torstai 20. syyskuuta 2012

Building Blocks On the Sea - Developing Further a New Innovation

Picture 1. Some spreads from my finalised thesis book.

This article is a designer’s point of view from the Cruise and Ferry program’s Triad-project introduced by Yali Wu some weeks ago in this blog. 

Modularity and adjustability seem to be hot topics in contemporary manufacturing world. Whether it is about car design, housing industry or even shipbuilding investors want to see their investment to meet the changing needs and wants of the customers. When talking about such a great investment as a cruise ship, the fast adjustability to changing preferences is of a great importance. I had a chance, as a designer, to play with the thought of having this kind of new modular cruise ship in contemporary environment and imagine the way it could be used and by whom. 

When talking about change and adjustability the first big question is the timeframe. The terms “fast” and “slow” are very relative when it comes to cruise industry and depend on the perspective; from the marine architecture point of view general change in shipbuilding might take several years before accepted but from interior design’s point of view change has to be done in days – the more the ship is out of service the more expensive the change will be. It goes without saying that the scale of change in these two points of view is completely different and reflects the timeframe we are talking about. 

Picture 2. Different options for frequency of changing the modules. These options were shown to the interviewees to choose the most suitable one for the final scenario.

My research started from understanding the need for change and defining boundaries for it. By interviewing several professionals in the marine industry from shipyards, shipping companies, modular cabin element company, shipping container company and, as a wild card, exhibition centre I gained an understanding of the variety of changes that could be possible and at the same time the most preferred timeframe for change. At the same time I heard the professionals’ opinion for how long the change of one macro module would be.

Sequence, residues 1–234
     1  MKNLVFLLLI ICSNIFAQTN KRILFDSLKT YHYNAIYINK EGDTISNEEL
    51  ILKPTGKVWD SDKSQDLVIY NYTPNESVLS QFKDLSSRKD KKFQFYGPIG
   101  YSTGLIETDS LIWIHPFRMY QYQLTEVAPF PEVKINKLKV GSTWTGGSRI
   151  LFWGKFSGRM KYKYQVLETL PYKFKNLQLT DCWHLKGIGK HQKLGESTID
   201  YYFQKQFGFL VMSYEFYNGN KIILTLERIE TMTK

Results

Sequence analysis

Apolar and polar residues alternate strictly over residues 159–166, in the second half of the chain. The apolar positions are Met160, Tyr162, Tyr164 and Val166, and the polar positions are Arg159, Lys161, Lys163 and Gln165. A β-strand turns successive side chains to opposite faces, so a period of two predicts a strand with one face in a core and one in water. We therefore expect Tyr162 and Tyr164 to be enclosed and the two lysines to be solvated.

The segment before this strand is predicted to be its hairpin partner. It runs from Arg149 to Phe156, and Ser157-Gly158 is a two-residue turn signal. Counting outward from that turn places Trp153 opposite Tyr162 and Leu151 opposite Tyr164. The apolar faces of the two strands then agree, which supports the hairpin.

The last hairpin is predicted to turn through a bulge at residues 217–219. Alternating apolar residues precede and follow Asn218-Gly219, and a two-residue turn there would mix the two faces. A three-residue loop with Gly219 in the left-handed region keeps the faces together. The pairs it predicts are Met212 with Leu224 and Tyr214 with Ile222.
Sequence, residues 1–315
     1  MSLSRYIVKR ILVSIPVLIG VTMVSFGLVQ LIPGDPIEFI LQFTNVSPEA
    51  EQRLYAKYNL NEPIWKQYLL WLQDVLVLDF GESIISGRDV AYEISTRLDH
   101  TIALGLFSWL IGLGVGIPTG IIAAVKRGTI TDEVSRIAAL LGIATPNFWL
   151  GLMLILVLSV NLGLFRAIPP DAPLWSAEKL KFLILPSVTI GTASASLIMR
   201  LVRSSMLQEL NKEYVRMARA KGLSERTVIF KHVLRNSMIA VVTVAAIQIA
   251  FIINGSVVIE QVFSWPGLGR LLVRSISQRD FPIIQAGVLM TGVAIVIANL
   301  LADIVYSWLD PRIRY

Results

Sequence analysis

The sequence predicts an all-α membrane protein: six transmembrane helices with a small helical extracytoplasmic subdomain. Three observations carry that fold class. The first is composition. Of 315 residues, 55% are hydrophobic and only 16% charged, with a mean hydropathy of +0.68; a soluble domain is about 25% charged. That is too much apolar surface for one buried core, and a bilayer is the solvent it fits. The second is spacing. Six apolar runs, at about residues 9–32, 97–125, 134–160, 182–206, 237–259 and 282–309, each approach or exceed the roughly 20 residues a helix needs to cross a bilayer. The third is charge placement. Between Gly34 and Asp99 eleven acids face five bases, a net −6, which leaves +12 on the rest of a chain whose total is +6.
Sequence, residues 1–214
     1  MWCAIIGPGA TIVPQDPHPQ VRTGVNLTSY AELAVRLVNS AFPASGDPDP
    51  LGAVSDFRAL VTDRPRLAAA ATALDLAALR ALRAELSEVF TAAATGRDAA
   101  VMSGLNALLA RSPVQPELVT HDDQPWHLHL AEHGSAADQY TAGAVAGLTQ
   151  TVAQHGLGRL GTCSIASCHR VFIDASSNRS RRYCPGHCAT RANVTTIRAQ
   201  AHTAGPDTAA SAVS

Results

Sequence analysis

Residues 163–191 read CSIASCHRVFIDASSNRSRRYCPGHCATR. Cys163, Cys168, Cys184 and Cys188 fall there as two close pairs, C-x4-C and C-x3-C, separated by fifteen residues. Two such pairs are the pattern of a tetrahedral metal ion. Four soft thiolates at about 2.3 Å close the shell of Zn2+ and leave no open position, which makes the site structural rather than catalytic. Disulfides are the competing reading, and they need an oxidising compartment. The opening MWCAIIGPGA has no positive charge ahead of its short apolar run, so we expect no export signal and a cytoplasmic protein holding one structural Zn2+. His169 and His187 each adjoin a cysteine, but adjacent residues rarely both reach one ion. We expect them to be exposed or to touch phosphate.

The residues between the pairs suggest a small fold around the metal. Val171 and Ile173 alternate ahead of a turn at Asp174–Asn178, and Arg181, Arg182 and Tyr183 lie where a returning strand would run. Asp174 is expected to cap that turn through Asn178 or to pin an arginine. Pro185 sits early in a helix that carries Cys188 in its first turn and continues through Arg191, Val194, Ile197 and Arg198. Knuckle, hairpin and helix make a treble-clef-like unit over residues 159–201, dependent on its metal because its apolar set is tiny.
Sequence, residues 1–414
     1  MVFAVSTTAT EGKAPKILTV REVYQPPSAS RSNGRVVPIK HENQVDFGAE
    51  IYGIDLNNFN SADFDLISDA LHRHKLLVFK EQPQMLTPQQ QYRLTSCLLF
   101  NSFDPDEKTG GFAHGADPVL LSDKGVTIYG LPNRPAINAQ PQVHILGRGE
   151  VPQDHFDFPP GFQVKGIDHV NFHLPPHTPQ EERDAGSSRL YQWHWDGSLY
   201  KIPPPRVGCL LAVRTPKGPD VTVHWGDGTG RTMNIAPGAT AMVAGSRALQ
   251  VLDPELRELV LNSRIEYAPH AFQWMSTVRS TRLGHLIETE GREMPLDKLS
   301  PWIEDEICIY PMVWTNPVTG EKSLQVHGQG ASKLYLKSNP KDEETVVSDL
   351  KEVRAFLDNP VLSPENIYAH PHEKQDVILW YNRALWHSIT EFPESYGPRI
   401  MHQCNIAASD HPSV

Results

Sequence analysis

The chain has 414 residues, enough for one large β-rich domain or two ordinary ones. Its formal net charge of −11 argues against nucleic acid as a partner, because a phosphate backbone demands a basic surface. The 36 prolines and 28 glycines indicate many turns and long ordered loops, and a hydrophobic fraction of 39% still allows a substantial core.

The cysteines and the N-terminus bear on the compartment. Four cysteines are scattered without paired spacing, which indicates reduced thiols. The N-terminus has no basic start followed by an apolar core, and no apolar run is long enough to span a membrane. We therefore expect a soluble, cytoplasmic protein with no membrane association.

Picture 3. To understand the system and structure of the new vessel it was necessary to model it in 3D and test how the modules with different functions could be allocated.

This operation helped me to sketch out a scenario for how the operation of this kind of new cruise ship could look like, who would be involved in the process and how the new innovation is linked to the real cruise industry of today. The main objective for the whole research was to show to the different actors of the cruise industry that the interchangeable macro module innovation could work even today making it possible for them to decide if they are interested in continuing further the research and development of the innovation.
Picture 4. The change structure break down diagram shows all the actors involved in the operation of the new cruise ships and their actions during the different stages of the cruise ship’s journey.

Eventually the research became the basis for my master’s thesis that can be found Aalto University’s internet page as well as from my blog:


perjantai 7. syyskuuta 2012

Teollisen luovuuden polku -seminaari Noormarkussa 25.9.2012

25.9.2012 klo 14
A. Ahlströmin Klubi, Laviantie 22, Noormarkku

Tampereen Teknillisen Yliopiston Porin yksikkö ja Kaleidoskooppi-hanke kutsuvat meri- ja metalliteollisuuden yritykset, opiskelijat sekä asiantuntijat tutustumaan monialaisen luovan asiantuntijayhteistyön mahdollisuuksiin teollisuudessa.

Seminaarin pääpuhujana toimii projektipäällikkö, DI Jari Jussila, joka johdattaa kuulijat käytännön esimerkein sosiaalisen median luoviin käyttömahdollisuuksiin teollisuudessa. Samalla pääset tutustumaan suomalaisen, luovien ja teknisten alojen asiantuntijuutta yhdistävän monialayrityksen historiaan ja kehitykseen A. Ahlström Oy:n Voyage-näyttelyssä, sekä design-teollisuuden helmiin Villa Maireassa.

Kutsua saa välittää edelleen tilaisuudesta kiinnostuneille. Huomioithan, että näyttelyiden tilarajoitteiden vuoksi osallistujamäärää on rajoitettu.

Ilmoittautumiset 14.9. mennessä

Kaleidoskooppi-hankkeen blogi:



13.15   Bussikuljetus Porin Yliopistokeskukselta Noormarkkuun

13.45   Kahvitarjoilu Noormarkun Klubilla

14.00   Seminaarin avaus ja Kaleidoskooppi-hankkeen esittely
            Elina Pettersson ja Lan Le, Kaleidoskooppi-hanke

14.10   Näyttelykierrokset
            Voyage, ryhmä 1
            Villa Mairea, ryhmä 2

15.00   Sosiaalisen median luova hyödyntäminen teollisuudessa
            Jari Jussila, Tampereen Teknillinen Yliopisto, SOITA-hanke

16.00   Näyttelykierrokset
            Voyage, ryhmä 2
            Villa Mairea, ryhmä 1

17.00   Seminaarin päätös
            Bussikuljetus Noormarkusta Porin Yliopistokeskukselle